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Tesco Valentines Day 1

Romance isn’t dead!

What’s the connection between big data and old fashioned love tokens? Read on to find out who the winner was!

UK internet shopping traffic continues to grow from strength to strength, with sale volumes rising by every known metric, being supported by a complex and innovative UK eCommerce market that shows no signs of pausing for breath.

However, all of these numbers can hide a simple truth; that every parcel delivered has a human impact. Deliveries are not just brown boxes and packing tape, they are eagerly awaited gifts, the next amazing gadget or a heartfelt present. There is no better place to measure this impact than on a day that strikes fear and trepidation into men’s hearts than Valentine’s Day in 2014!

We at MetaPack are uniquely placed to see the trends in the market as our market share includes over 75% of the top 100 UK retailers and with over 160 million parcels per annum shipped on our system in 2013.  For this blog, we have looked at retailers in the perfume & lingerie sector, florists and chocolate retailers.  The shipment data is taken from the 13th and 14th of February.

Looking at pure parcel volumes will always skew the data towards large metropolitan cities and with London being eight times larger than Birmingham, it doesn’t seem fair to condemn the love chances of the rest of the country! However, volume will always be the initial port of call in any analysis.


The top 10 by volume (sorted alphabetically) cities that received the most Valentine’s Day deliveries were:












The popularity of certain types of gifts has always been present at Valentine’s Day – a dozen red roses anyone?  Well it appears nearly everyone has the same idea, with a whopping 74% of deliveries being from florists!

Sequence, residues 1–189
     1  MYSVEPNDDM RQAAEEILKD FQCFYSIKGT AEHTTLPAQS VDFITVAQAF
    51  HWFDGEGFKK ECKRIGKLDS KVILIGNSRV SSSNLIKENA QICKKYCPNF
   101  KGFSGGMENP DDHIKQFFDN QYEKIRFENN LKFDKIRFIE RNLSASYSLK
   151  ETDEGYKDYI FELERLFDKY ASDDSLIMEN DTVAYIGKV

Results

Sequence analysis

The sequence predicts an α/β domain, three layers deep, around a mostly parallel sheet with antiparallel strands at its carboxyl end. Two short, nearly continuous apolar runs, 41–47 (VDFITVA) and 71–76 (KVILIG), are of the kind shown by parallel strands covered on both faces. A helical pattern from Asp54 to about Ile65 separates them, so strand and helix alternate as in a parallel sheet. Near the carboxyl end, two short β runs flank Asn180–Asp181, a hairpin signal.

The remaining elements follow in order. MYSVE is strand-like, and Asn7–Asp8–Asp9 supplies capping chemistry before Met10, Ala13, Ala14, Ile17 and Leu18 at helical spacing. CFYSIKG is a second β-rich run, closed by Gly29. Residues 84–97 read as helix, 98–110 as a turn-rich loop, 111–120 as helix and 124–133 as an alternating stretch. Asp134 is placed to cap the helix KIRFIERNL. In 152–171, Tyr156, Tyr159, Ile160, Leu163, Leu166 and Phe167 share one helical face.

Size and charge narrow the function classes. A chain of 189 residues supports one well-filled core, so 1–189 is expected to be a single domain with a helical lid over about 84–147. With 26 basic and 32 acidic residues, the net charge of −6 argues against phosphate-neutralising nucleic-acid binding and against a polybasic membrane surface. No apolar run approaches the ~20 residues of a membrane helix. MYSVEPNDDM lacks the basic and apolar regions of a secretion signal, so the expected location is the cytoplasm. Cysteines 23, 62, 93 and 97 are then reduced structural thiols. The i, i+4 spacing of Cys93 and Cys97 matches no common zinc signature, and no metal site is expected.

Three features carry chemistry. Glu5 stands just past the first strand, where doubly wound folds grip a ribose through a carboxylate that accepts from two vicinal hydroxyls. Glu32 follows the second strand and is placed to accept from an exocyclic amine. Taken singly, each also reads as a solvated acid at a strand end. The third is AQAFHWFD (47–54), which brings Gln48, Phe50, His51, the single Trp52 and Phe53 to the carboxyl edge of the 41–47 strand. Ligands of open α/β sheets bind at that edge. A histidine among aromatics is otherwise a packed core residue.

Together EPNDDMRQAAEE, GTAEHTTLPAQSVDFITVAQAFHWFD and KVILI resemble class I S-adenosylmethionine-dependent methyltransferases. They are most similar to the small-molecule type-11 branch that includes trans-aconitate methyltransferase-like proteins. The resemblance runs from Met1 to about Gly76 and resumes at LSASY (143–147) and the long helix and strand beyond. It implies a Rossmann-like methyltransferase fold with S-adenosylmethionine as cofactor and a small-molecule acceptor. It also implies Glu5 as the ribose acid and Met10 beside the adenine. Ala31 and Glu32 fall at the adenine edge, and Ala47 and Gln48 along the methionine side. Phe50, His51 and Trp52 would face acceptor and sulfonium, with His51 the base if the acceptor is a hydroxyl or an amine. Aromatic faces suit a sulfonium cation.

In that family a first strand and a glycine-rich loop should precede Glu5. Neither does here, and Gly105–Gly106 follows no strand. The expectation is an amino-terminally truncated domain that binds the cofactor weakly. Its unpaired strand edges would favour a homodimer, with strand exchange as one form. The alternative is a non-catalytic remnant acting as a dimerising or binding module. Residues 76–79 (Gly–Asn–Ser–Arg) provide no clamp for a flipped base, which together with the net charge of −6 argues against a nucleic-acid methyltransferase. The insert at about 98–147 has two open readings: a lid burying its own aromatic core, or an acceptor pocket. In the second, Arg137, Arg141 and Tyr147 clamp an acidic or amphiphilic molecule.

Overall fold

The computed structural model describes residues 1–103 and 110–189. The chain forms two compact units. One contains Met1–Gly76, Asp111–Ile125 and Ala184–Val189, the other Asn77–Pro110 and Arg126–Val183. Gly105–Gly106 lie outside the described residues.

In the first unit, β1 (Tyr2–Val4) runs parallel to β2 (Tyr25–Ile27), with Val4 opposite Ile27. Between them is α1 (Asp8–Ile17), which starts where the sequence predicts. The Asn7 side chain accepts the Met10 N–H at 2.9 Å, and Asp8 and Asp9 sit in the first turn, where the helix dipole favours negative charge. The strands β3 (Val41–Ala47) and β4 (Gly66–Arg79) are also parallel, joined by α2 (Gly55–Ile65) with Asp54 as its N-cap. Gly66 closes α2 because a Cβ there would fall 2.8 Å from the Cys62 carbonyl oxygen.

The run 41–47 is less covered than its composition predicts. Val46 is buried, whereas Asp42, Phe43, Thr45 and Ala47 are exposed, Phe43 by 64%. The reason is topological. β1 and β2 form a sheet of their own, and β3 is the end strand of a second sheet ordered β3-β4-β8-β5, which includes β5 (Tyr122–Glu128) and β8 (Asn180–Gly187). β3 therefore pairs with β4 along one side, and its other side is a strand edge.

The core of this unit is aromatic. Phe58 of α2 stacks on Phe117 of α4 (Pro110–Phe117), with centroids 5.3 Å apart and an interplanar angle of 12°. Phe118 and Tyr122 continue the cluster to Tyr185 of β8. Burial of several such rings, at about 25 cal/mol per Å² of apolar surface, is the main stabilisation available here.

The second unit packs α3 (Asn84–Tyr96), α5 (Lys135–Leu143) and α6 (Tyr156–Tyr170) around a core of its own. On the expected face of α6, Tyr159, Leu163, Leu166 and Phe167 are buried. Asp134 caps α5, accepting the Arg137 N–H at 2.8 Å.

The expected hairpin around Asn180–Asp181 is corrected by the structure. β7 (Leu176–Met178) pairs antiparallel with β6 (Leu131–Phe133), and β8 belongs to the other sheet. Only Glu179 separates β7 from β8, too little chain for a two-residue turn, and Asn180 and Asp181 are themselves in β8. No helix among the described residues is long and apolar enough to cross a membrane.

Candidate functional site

To put this in context, it is like having a Christmas Day spike for a single day with all of the logistical worries that accompany it.  Following in a distant second is lingerie & perfume at 18% and food and drink only contributing 7% to the total.

Per Capita

However, the amount of chocolate, flower and lingerie deliveries per person produces trends that were hidden deep in the data.

By looking at the amount of orders against the population, the trends are far more insightful. Leicester is nearly twice as romantic as London, despite being only one place higher at 4th place!

It may well be lonely at the top, however the people of Bristol would say the same about the bottom, as sadly they finished in 10th place. A staggering 4 times fewer orders per person than the top placed city in the UK.

The top three…

Every city in the UK would love to receive the title of ‘most romantic ecommerce city in the UK 2014’ but this accolade is reserved for those cities that have gone above and beyond the call.

In third place is Reading, which only ranks 20th in the size of its conurbation but is hitting well above its weight, beating cities such as Glasgow, Sheffield and Manchester. The men of Reading can rest easy today.

Runner up as the highest placed Northern city, is Newcastle. Newcastle was closely tied with Reading but the kindness of the city helped push it up and above. Is it the Sycamore Gap that is motivating the Geordies or the fact that the Angel of the North’s birthday is actually Valentine’s Day?  Either way, they can be proud of their position as the ‘North’s most romantic city 2014’.

Finally, what we all have been waiting for, the winner, the Casanova, the Julio Iglesias of the UK and it is….Guildford!

This may be a shock, but the numbers don’t lie.  Guildford, per capita, had 3 times more orders than the average in the top 10 and 4 times that of lowly Bristol.  Did the Anglo-Saxon Guild leave a mark on the local population to this day that equips them with this romantic slant?  I’m not sure, but there certainly would appear to be a lot of happy recipients on Valentine’s Day!

What does oil have to do with data?  

Big data has been touted as the next crude oil, massively valuable but in need of refinement.  Here at MetaPack we do not disagree and hopefully this small insight into how data can be refactored highlights the dangers in having only a one-dimensional view on the numbers.

Data can be good, data can be bad but the one thing that is common across any dataset is that it is worthless without refinement.  For those readers that knew that Guildford would place in first place, I salute you, for the rest of us I hope it was as enlightening as it was surprising!  Sorry Guildford!